Tuesday, February 22, 2011

Tuesday's Overlooked Films (and/or Other A/V): SEEING THINGS, Your 2 Favorite Films, WHOLPHIN among the short-film showcases...

Seeing Things was a 1981-1987 CBC dramatic series about a mildly hapless, somewhat neurotic newspaper reporter in Toronto, hung up on his ex-wife, coping as best he can with his courts beat, and cursed/blessed with an odd sort of extra-sensory perception. Louis del Grande co-created, co-produced and starred as Louis Ciccone (del Grande's career has mostly been in Canadian productions, though he did have a role in the film Atlantic City), with his wife Martha Gibson in the role of ex-wife Marge Ciccone; Janet Laine-Green played his best friend in the courts, Crown's Attorney Heather Redfern. The series was widely exported, and rather surprisingly played in the DC area on commercial television for a season or so in the mid 1980s, only to vanish and reappear on public stations a year or so later (with the last episodes now available...there were only 43 in all over the six-year run in Canada). However, as far as I know, the rather charming series, relaxedly playing with crime-drama, fantasy and relationship-hassle tropes, has never been released on home video, and might well've flown under the radar of most viewers in the U.S. Somehow, it struck me as the Canadian Magnum, P.I., only it was able to keep its initial high standard intact much better than the Yank series (and didn't drag itself out far too long...even if, obviously, the muddling-through middle class folks in Toronto wouldn't seem to have much in common with the mostly-toned hangers-on around the Kahala estate of a wealthy writer). Here's the first segment of a fairly typical episode (and, I should warn you, Seeing Things had one of the worst, if rather explicatory, theme songs in the history of all things televisionary):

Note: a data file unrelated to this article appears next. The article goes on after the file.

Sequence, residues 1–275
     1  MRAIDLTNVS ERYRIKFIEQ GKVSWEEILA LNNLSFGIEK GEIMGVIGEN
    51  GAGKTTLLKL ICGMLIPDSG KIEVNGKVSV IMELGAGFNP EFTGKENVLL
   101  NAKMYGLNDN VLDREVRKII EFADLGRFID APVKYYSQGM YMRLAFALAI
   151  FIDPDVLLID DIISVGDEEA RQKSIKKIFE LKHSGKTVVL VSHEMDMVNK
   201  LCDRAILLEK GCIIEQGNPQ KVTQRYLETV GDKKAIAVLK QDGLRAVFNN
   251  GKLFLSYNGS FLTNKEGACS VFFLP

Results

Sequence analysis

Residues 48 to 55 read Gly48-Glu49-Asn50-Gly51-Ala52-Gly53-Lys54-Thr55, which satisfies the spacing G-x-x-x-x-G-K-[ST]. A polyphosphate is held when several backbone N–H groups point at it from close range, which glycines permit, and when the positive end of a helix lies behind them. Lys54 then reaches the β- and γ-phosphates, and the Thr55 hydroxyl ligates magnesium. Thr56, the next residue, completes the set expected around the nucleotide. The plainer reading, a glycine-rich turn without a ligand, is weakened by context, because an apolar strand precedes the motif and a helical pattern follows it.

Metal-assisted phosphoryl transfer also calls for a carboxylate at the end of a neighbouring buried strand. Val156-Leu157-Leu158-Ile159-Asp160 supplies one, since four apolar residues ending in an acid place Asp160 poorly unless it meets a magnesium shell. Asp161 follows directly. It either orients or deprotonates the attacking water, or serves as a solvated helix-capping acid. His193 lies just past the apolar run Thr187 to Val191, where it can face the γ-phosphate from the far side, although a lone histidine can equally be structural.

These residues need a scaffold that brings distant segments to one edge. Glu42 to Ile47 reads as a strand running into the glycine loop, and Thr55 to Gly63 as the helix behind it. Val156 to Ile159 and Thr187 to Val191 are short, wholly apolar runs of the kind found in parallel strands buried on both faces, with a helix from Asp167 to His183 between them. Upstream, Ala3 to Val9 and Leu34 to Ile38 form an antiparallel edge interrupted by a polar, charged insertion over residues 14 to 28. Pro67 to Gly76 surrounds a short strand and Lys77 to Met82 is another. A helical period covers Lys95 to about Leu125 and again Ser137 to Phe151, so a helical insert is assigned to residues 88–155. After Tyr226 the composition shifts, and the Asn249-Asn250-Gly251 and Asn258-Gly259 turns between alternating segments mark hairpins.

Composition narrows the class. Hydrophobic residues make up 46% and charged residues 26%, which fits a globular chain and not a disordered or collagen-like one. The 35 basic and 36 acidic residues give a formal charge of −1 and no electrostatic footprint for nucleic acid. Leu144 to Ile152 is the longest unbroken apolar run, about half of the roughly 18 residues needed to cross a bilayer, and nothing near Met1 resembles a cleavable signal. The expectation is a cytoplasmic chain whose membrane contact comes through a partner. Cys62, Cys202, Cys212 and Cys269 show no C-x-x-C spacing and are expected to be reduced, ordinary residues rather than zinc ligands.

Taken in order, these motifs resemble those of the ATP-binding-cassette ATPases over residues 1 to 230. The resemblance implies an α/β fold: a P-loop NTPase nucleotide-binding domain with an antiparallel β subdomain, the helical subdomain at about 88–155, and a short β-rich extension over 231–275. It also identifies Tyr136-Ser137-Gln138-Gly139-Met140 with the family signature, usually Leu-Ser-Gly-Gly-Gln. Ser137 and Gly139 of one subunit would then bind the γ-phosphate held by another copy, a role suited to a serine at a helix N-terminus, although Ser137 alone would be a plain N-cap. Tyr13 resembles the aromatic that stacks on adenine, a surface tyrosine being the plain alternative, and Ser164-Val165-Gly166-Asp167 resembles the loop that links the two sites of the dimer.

Unfair question time:
Which two films, however incongruous, would make up your two-favorite-film double-feature?

The answers so far:
Alice Chang: Bound and Persona (the latter after a brief flirtation with Eternal Sunshine...).
Camilla Mason (nee Rocchi) (pondering briefly): Easter Parade and Gone with the Wind.
J. Eric Mason: Heathers and Eternal Sunshine of the Spotless Mind.
Paula Mason (nee Skoe): Dune (the cinematic film) and Stardust.
Robert Mason: 2001: A Space Odyssey and Picnic.
"Ellen Canby": everyday film-viewing: Die Hard and Die Hard with a Vengeance (and when she's in certain moods, Queen Margot and Enchanted April)
Rick Robinson: The Wild Bunch and Apolcalypse Now
Kate Laity: (winnowing down from her suggestions and our conversations over the years): Suspiria and Bedazzled (though I suspect His Girl Friday might easily bump the first)

Selma Blair, facing "The Big Empty"